Eight years ago, the Hagan family’s first-born child, Libby, almost died from a medical error which deprived her brain of glucose for 18 hours. The newborn had already suffered birth trauma and was in the NICU when she was overdosed with insulin — an adult-strength dose that had not been diluted, according to her father, Lane Hagan. Following this catastrophe, the Hagans were told that their precious baby girl would likely only live a few months. “Fortunately they were wrong, and she began proving them wrong quickly,” Hagan said.
The strength of this family — now larger with the arrival of Libby’s three siblings — is in their faith and perseverance — not only on a personal level but what they’ve given numerous other families in difficult situations. Though the Hagans were able to take legal recourse for what happened to Libby and regain financial stability, many families are not so fortunate. This realization became the inspiration behind their Alabama nonprofit, Libby’s Friends.
“I had the idea to give back — so many people have been invested in Libby’s life, and I wanted to help other special needs families,” said Hagan, who is now the nonprofit’s executive director. “I had my idea saved in my phone, and I showed it to my wife, and she said, ‘What can we do to make this happen?’”
Though the pandemic slowed things down slightly, Libby’s Friends was “off the ground and running” by August 2020. The nonprofit’s ambitious goal is to raise money to assist families with equipment, devices and therapy costs for special needs children. As of press time, about 75 families had been helped.
“Libby’s Friends was introduced to us by [our son] Brooks’ speech therapist, Francie Clark at Let’s Play Therapy,” said Kali Belyeu, a resident of Fairhope. “We were getting close to the max number of therapy visits that insurance would pay for, and she gave us the information for Libby’s friends and suggested we reach out to see if they could help. Which they did, and it was the biggest blessing to us!’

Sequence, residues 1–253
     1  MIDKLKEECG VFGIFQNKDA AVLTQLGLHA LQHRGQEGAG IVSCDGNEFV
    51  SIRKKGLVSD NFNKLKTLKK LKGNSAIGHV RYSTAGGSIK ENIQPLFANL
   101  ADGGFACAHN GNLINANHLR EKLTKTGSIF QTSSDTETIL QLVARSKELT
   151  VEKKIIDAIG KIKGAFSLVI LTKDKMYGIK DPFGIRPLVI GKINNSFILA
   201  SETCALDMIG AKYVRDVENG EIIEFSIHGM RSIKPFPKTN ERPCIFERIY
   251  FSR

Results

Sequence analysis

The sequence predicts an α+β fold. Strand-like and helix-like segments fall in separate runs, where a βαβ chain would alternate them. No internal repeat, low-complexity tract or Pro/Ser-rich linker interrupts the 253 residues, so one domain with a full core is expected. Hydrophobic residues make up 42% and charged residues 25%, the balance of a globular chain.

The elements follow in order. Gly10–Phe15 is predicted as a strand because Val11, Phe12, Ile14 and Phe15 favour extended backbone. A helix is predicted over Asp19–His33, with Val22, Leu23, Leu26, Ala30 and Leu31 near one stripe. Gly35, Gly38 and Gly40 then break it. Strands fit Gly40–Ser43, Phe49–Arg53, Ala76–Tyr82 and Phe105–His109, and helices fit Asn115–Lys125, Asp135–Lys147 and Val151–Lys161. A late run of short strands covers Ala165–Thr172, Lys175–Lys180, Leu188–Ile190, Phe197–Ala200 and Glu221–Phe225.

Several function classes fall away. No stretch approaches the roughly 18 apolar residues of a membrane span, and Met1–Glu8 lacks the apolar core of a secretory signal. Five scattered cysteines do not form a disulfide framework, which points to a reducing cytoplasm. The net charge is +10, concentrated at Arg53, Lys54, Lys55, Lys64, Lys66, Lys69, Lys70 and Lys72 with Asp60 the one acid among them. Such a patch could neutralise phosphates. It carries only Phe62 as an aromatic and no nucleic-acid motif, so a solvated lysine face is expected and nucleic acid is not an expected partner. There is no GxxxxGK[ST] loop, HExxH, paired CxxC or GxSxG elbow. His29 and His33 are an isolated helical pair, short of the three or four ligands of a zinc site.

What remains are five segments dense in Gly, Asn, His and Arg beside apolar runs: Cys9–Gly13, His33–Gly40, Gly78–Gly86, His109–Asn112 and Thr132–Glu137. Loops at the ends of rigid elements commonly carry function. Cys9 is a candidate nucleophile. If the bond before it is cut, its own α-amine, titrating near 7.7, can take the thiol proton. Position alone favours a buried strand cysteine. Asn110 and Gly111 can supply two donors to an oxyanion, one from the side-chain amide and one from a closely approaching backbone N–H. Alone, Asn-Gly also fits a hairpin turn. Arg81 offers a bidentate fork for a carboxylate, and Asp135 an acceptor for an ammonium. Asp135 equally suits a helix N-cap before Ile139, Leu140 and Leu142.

Hagan looks forward to additional families benefiting through grants. After a colleague who runs another nonprofit shared how invaluable grants have been for her, Hagan set about researching and applying. As you read this, Libby’s Friends has been accepted into the Tum Tum Tree Foundation.
“They applied in January, and we had a committee meeting, and they were a great fit,” said Ashley Blomeyer, executive director of the Tum Tum Tree Foundation. “We love to support grassroot startups in the area that many people haven’t heard about — that are impacting the lives of children who face illnesses and complications. This will be Libby’s Friends’ first year with us, and we’re hoping to develop a lifelong partnership with them.”
“The majority of money that comes in our doors goes back out into the special needs community,” Hagan said. “We strive to spend more than 90% of our funds on the community that needs it most. I am hopeful that we can use grant money this year to impact at least 20 families across the state.”
Belyeu felt that the Hagans’ own personal journey has allowed them to address the mission of Libby's Friends with unparalleled levels of compassion and understanding.
“Nobody knows the emotional and financial burden of having a child with special needs or development delays until you become a parent of one,” she shared. “The Hagans are some of the most kind, generous people I have ever met, and the work they are doing is incredible. To have an organization like Libby’s Friends come in and take part of your burden away is just an indescribable feeling of joy and relief.”
To learn more or donate, visit libbysfriends.org.